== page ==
Transitioning Your Sales Teams to Remote Operations During a Crisis
Note: This post was originally written at the beginning of March 2020 when the COVID-19 crisis began to have a widespread impact in the US. Eight weeks later the country is largely working from home, and have normalized this. I am posting it now as a precursor to an upcoming article where we reflect on how we did. As we start to see states emerging from quarantine we are going to see businesses re-emerge and focus on the future. Now is a great time to reflect on how your Crisis Action Plan (if you had one) performed during the outbreak, and what lessons we should take away from this.
COVID-19 is bringing untold turmoil to people’s lives and to businesses both large and small. Sales teams are especially impacted, as they are produce the life-blood of all businesses -revenue. During a crisis, sales operations must function seamlessly to manage existing opportunities, but to also build pipeline to guarantee future success.
While many companies today have lenient WFH policies, implementing this practice across an entire sales division demands additional considerations. Especially when considering alignment between Sales Development and/or Inside Sales Reps, Account Executives, sales operations and sales leaderships rely on consistent close personal communications. Moving to 100% remote strategy can be dislocative and increase feelings of isolation and threaten productivity.
At qualifiedMEETINGS we developed a strategy that can be implemented in a crisis like the one we face today, to efficiently allow all employees to work remotely from their homes with no major disruptions to our business processes and customer service delivery.
Here is an outline of the key components we constructed.
These important steps were critical to our successful remote strategy.
► Develop an overall Program Plan: We began by mapping out what our employees would need at their new home office, such as: technical equipment, internet/wireless connections, access to corporate assets, etc. The need for more licenses, VPN access, and other collaboration tools were all considered.
► Involve Employees and Clients: We included our staff in the plan review process and incorporated feedback. We talked directly with our clients and inquired what their biggest concerns were, and addressed those in the plan.
►Test & Rehearse the Plan: A vital component was to fully test the process and conduct a complete dress rehearsal. This process was instrumental in being able to identify and fix glitches before we deployed the plan.
Once our employees were working remote, we continuously strive to reinforce and build a virtual sense of community and support. To reach that goal, we host a series of three, 15-minute video meetings each day which include every employee by team (3-5 people per team).
• Morning Daily Standup: A status check on people and systems asks these questions: Are our people healthy (physically and mentally) and are we ready to serve our clients today?Are our tools in place and functioning? An open discourse is encouraged, with issues logged and assigned for follow-up and resolution steps announced in the following morning’s standup call.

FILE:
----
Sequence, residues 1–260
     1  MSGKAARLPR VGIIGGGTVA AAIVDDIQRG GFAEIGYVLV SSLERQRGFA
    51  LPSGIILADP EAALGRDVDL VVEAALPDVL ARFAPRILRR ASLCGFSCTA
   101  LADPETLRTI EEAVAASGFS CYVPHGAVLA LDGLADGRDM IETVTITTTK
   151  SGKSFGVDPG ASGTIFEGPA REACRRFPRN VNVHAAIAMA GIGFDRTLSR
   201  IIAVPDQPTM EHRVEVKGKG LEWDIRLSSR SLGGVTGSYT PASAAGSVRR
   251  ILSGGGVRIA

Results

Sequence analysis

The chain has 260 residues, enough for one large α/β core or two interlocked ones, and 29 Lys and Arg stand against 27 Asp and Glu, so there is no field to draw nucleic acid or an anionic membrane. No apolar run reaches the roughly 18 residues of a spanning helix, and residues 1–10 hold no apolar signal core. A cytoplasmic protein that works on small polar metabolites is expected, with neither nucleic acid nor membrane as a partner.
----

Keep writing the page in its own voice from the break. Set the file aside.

• Mid-day Check In: Are we still engaged? How is our performance? What challenges have emerged? How are teammates dealing with issues as they arise?
• Closing Wrap Up: Re-check on people and systems. Any issues? How were our numbers?What could we improve on? How can we continue to support our clients? What might we do differently tomorrow?
These short video huddles serve to reduce the social isolation often felt by remote employees, especially ones not accustomed to working away from their teammates. The visual aspect is critical. Employees and leaders can see and interact with their staff and teammates. This reinforces that no one is alone.
We further look at how to maintain a connection between employees, which we feel is essential to our staff’s overall health and continued performance. Here are several methods we promote:
• Encouraging physical fitness and mental well-being. This will will dramatically improve performance and resilience during these trying times. Online well-being programs such as Grokker can be a powerful tool in helping isolated employees maintain physical and mental health and should be considered a beneficial augmentation to leadership contact.(Note that Grokker is offering its service for free during the COVI D-19 outbreak)
• Continuous connections from the leadership teams. Many of the challenges of working remotely (lack of community, communications challenges, maintaining trust and reliability, practicing accountability, preventing loss of productivity) can be mitigated with a solid, caring leadership. Frequent group and one-on-one check-ins with employees working remotely during a crisis can help your workforce maximize productivity during offsite operations.
Sales and sales operations teams must move quickly and responsively in this or any crisis to continue serving their customers, meet employee needs, and grow into the future. With working remote a key part of today’s crisis, implementing a reasoned, effective, and strategic program that keeps employees productive and connected is more important than ever.